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MPP issues statement on controversial tweet about minister's experience with racism, doesn't apologize
Ontario MPP Randy Hillier walks into his office in the Ontario Legislature, in Toronto to speak to journalists, on Tuesday, March 26, 2019. Hillier returned to Queens Park after being ousted from the Ontario PC Caucus. THE CANADIAN PRESS/Chris Young
Phil Tsekouras, CP24.com
Published Thursday, June 4, 2020 2:04PM EDT
Last Updated Thursday, June 4, 2020 2:15PM EDT
Ontario MPP Randy Hillier has released a statement, but stopped short of apologizing after he appeared to make light of a Black cabinet minister’s own experience with racism earlier this week.
“On Monday night, June 1 2020, I wrote a two word tweet; like most two word tweets, there was little forethought and no reflection on how it may be perceived,” Hillier wrote in a post to Twitter on Thursday.
“Any tweet that requires an explanation is indeed a bad tweet; my tweet was insensitive and out of context and upon reflection and within minutes, I deleted it,” Hillier continued.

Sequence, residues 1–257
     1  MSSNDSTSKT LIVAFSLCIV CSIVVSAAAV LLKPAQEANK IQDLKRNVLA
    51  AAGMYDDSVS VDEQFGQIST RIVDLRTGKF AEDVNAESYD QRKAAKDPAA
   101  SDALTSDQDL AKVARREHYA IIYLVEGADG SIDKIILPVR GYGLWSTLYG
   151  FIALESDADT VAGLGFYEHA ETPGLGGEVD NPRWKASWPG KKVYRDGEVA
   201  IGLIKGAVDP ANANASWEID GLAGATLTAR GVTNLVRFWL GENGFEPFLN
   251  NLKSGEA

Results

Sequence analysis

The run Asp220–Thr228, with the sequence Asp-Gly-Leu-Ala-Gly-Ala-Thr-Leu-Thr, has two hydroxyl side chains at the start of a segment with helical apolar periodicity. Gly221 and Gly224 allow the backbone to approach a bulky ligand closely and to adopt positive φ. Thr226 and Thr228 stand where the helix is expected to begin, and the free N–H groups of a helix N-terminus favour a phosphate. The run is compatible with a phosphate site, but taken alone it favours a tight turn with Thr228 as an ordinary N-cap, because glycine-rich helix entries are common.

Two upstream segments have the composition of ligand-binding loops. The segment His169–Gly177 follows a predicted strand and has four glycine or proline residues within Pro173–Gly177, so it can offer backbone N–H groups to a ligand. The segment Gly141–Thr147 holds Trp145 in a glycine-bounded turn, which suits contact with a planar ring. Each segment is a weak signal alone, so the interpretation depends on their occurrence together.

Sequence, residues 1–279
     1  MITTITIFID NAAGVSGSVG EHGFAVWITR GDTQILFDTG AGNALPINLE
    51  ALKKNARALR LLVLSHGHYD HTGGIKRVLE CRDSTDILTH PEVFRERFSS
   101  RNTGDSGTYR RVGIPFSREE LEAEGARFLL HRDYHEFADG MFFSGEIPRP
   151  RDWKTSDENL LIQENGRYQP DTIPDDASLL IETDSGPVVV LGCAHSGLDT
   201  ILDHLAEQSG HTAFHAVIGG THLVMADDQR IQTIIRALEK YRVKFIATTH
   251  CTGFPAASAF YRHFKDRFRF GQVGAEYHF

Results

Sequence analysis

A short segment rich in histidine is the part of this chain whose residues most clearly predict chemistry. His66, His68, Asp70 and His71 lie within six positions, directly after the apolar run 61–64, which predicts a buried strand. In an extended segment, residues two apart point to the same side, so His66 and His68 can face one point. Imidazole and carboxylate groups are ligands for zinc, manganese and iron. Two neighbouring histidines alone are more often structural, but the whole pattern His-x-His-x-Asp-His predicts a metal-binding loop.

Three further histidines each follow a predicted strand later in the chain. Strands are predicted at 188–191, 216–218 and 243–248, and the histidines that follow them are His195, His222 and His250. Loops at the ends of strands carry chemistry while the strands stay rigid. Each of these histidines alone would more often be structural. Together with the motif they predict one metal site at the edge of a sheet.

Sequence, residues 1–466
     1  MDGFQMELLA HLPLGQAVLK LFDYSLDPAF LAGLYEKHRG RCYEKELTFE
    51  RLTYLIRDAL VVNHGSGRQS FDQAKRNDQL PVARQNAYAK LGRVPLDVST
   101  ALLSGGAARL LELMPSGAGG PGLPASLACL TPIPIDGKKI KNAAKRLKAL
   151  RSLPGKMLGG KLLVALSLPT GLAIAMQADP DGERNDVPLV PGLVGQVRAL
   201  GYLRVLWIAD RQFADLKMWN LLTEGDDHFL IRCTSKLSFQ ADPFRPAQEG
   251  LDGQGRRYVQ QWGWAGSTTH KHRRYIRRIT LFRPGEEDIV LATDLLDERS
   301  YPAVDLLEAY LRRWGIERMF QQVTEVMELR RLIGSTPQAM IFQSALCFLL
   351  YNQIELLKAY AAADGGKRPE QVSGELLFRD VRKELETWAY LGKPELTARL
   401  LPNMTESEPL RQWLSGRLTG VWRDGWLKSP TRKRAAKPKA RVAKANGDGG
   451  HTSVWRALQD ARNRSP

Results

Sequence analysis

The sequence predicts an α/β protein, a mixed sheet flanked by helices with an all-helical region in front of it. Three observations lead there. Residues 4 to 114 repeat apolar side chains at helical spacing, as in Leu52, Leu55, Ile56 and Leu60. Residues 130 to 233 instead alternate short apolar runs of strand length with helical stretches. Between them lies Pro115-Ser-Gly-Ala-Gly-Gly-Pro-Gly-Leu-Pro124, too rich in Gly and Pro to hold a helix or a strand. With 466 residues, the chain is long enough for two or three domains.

A number of Twitter users have since responded to the MPP’s statement calling for a formal apology.
The comments from the Independent MPP for Lanark-Frontenac-Kingston come after Ahmed Hussen, the minister of families, children and social development, was speaking with CTV Power Play host Evan Solomon on Monday.
The interview was about anti-Black racism and the protests that have gripped the United States following the police-involved death of George Floyd in Minneapolis, Minn.
Hussen said that he has experienced racism first hand, despite being a member of parliament and a federal cabinet minister.
"Instinctively, my back gets up when a police cruiser comes behind me as I drive," Hussen said Monday, while adding that sometimes gets followed by staff when he goes shopping.
In response, Hilier tweeted “a guilty conscience?”
The tweet has since been deleted but has been met with sharp criticism online and multiple accusations of racism.
Hillier’s response, which does not mention racism, attempted to contextualize his tweet.
“’Guilty conscience’ is near universal in its use, and we all intuitively understand that we all get nervous to some degree in the presence of the police or other authority. We slow down regardless of our speed while passing parked police care on the highway, we frantically search for vehicle registrations, insurance, and license if pulled over, we all have a guilty conscience to some degree,” Hillier wrote.
Hillier says he recognizes the tweet was a “disservice” to the “cause of understanding and resolving the unjust strife, legitimate grievances, and harmful divisions between people that we are seeing in the world right now and that we have seen historically.”